The neutrino group at Otterbein (that is, myself and one or two students) are busy working on a new experiment called MicroBooNE at the Fermi National Accelerator Lab. This experiment measures the rates of different kinds of neutrino interactions with nuclei by looking at the ionized particle tracks left in a huge tank of liquid argon. An electric field “drifts” the ionization electrons to a set of wires for easy readout.
I’m busy working on several parts of this experiment: namely the event viewer. You can see some simulated data with my Argo Event Viewer. I’m also working on the DAQ (Data AQuisition) group, providing them tools for doing online monitoring of the data. This will allow us to keep an eye on the health of the detector as we set it up and run it.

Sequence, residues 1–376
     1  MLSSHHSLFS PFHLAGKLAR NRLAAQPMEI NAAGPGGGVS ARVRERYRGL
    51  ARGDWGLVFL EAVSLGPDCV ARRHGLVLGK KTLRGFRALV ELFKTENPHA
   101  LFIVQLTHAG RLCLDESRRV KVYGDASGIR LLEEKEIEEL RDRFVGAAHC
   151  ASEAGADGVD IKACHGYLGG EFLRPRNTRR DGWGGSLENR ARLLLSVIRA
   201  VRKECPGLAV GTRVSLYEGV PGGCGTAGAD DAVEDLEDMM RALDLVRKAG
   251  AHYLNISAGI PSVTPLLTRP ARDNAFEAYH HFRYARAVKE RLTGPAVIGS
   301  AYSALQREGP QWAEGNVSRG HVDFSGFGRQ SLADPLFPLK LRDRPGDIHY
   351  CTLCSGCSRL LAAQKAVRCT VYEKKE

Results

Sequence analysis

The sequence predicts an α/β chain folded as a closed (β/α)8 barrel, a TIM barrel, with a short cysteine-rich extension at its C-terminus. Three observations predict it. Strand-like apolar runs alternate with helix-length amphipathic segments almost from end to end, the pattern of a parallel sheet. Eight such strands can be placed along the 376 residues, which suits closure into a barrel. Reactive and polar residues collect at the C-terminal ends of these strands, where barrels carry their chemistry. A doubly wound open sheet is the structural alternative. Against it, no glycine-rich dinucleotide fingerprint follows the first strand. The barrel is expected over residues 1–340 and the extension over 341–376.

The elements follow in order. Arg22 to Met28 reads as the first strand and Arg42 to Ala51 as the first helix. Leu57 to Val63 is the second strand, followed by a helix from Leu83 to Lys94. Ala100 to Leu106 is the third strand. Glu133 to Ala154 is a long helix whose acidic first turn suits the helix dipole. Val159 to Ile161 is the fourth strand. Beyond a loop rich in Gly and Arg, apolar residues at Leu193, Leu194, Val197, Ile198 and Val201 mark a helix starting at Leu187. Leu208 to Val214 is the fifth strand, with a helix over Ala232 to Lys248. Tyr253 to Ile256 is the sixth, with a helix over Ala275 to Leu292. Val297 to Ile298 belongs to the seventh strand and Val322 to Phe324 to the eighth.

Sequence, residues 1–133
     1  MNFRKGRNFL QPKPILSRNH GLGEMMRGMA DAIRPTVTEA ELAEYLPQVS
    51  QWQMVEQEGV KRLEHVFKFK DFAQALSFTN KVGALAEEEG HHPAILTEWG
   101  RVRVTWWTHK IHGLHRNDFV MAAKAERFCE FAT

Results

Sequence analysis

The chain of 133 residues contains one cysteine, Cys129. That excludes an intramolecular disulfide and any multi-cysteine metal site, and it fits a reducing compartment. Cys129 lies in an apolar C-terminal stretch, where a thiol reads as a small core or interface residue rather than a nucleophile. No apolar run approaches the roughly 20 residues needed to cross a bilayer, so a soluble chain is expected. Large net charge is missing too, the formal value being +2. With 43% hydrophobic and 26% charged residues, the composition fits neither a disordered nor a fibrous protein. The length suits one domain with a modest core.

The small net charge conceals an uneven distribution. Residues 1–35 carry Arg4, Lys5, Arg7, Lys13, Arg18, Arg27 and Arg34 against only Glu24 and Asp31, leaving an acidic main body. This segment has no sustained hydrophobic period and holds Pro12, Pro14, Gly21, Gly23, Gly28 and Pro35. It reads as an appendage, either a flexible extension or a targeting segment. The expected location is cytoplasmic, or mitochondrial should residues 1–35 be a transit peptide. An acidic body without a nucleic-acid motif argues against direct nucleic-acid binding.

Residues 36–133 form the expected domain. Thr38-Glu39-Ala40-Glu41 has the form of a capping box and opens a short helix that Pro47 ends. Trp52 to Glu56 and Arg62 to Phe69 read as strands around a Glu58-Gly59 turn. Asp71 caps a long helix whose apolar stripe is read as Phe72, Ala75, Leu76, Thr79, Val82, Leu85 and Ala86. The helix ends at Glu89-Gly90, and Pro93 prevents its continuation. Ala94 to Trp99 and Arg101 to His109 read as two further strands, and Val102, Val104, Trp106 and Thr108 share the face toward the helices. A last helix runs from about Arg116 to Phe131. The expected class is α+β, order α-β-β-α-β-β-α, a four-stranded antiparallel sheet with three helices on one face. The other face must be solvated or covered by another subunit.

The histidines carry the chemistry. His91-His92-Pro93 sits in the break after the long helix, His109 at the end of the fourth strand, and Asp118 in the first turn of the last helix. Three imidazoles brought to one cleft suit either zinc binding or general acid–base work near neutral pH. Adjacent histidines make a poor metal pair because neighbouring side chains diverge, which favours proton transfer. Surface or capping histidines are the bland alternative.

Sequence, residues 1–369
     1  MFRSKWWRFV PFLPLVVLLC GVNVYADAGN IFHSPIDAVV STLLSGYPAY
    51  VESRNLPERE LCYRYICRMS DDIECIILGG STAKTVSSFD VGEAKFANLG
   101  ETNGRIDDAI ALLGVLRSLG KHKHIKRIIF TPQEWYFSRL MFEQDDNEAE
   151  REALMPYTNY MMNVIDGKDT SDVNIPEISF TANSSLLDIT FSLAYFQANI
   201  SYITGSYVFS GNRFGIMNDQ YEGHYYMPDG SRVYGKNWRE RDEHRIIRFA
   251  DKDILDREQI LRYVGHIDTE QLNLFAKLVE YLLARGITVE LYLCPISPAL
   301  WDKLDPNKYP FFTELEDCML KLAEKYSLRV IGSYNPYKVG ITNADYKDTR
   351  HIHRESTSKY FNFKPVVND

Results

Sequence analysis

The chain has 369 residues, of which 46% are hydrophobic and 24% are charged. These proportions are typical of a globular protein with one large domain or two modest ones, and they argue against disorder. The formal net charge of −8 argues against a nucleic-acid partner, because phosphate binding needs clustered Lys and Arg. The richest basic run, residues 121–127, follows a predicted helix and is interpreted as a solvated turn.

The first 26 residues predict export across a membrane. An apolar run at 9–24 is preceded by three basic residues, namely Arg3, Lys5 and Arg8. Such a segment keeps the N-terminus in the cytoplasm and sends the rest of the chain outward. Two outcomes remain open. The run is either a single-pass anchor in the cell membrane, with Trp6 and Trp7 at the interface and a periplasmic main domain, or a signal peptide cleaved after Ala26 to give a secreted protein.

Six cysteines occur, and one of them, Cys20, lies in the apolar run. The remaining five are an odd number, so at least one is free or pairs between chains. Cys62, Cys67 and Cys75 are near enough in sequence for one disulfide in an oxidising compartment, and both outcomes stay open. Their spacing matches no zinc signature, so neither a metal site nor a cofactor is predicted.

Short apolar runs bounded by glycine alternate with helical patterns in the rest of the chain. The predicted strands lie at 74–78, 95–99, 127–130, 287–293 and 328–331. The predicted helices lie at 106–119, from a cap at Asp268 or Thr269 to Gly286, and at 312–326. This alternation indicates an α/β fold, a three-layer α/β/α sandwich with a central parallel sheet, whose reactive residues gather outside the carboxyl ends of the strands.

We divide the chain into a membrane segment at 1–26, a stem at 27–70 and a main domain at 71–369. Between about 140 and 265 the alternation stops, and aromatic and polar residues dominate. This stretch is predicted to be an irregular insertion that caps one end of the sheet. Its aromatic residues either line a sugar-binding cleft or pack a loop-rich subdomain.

Philip Kellogg will be working with me next summer trying to identify Michel electrons (electrons resulting from the beta-decay of stopped cosmic-ray muons) and using them to try to measure the energy response of the detector. With a little luck, this will make a great senior thesis. I’ll also be looking for one other lucky student to work on this project.
MicroBooNE is being built now; first data will probably start coming out around the time we start classes after the summer of 2014… but we get to have fun putting the whole thing together very soon.
You can ‘like’ MicroBooNE on their facebook page!